Manufactured in various alloy forms, aluminum alloys provide a range of useful properties to fit manufacturers’ needs, from a soft and malleable form (like aluminum foil in our kitchens), to an aluminum alloy with added manganese resulting in extremely high strength. Other alloys have properties making them useful in marine environments, or ones can be easily machined, such as the aluminum used in aviation. Architectural aluminum is highly tensile (it can be stretched and formed) and is highly resistant to corrosion. With such versatility, the uses of aluminum are many. It has come to play a key role in many of the buildings, vehicles and products we encounter in our daily lives. Aluminum is also remarkable in that it is reusable and retains its value, even as it is recycled from one use to the next. Aluminum recycling has become a big business and contributes to sustainability in many industries that use it.
Aluminum Use in Construction and Architectural Fabric Structures
Recognizing its superior properties, architects and construction and building manufacturers have made use of aluminum for decades. With a weight only one third that of steel, aluminum has the strength to support very heavy objects, such as glass windows and it’s gleaming silver color has become a common sight in the window frames in high rise structures. This lightweight material is easy to manufacture into component parts, transport and install. The construction industry also benefits from the fact that aluminum requires little maintenance and, unlike concrete, for example, that needs to be cured in place, doesn’t require additional steps on installation.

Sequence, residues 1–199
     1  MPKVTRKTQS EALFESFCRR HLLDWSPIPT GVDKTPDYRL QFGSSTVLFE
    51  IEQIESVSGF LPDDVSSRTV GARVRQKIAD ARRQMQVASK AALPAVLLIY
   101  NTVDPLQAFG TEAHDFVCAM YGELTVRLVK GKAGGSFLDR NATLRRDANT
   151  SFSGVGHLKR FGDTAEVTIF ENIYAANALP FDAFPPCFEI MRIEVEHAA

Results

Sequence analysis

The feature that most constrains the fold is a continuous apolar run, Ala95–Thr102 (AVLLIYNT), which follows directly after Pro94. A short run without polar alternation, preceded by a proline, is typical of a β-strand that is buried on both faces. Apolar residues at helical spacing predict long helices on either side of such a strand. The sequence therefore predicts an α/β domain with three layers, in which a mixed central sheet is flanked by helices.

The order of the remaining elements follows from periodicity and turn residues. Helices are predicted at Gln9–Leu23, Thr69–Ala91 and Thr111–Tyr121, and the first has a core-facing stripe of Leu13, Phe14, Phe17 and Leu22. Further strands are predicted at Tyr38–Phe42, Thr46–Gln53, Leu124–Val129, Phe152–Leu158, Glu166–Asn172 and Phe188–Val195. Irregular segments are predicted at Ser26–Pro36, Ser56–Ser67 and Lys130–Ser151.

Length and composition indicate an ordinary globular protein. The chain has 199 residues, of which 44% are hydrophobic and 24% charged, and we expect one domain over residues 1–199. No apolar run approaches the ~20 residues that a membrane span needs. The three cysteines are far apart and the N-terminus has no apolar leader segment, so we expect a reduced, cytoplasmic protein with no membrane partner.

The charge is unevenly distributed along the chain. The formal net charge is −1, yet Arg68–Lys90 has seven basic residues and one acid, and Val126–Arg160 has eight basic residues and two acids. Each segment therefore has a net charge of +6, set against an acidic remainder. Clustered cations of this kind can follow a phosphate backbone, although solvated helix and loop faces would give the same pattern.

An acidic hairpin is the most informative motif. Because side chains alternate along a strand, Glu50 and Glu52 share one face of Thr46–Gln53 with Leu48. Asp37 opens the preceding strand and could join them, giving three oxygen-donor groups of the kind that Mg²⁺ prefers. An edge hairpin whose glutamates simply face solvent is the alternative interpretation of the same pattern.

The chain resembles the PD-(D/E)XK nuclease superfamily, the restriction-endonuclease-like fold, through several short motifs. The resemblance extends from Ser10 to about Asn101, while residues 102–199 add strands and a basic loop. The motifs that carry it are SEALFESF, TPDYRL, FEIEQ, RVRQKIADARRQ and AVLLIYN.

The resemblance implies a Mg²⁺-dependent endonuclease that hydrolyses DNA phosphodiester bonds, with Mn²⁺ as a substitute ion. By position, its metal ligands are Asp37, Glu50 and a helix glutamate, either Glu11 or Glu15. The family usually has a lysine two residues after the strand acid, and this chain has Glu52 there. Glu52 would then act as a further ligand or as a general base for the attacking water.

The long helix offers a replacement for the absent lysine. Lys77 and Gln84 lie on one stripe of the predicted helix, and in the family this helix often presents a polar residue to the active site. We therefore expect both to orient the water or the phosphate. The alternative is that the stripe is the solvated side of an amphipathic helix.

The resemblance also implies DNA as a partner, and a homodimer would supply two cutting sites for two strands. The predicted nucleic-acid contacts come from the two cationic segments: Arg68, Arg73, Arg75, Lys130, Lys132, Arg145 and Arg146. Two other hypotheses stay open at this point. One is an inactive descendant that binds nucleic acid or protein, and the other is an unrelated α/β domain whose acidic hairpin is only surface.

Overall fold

In addition, contractors and builders favor environmentally friendly aluminum in green building construction. Aluminum is highly recyclable and conserves energy, and so is considered a green product. Its use allows buildings to qualify for certification under the Leadership in Energy and Environmental Design (LEED) standards as green, sustainable structures.
Aluminum is a perfect material in the design and construction of architectural fabric structures as it offers a material that is inexpensive and abundant, easily formed into components and easy to assemble, lightweight, durable and corrosion resistant. The tension fabric building industry has benefited from advances in both aluminum and fabric technologies, resulting in extremely high quality and low cost building solutions for a growing number of uses.
Aluminum in Allsite Tension Fabric Structures
Recognizing the many advantages of aluminum where portability, durability and versatility are key, Allsite uses extruded aluminum frames in our tension fabric structures. Allsite benefits from aluminum’s malleability, allowing us to design a highly engineered product that is the perfect, stable shape for our fabric structures, providing not only highly reliable stability and strength, but also allowing us to provide large and pleasant open interior spaces for use in work and play. Aluminum is also a relatively low cost material, highly durable and recyclable, which helps Allsite to keep costs low for clients who buy or lease one of our structures. Its non-corrosive property means our all-weather aluminum framed-structures are appropriate for use in harsh outdoor conditions, like mining, environmental remediation, aviation, and virtually anywhere the building is installed. Here are some more reasons we use aluminum in our tension fabric buildings.
If you’d like to learn more about our tension fabric structures and find out whether they are right for your application, contact our sales department today.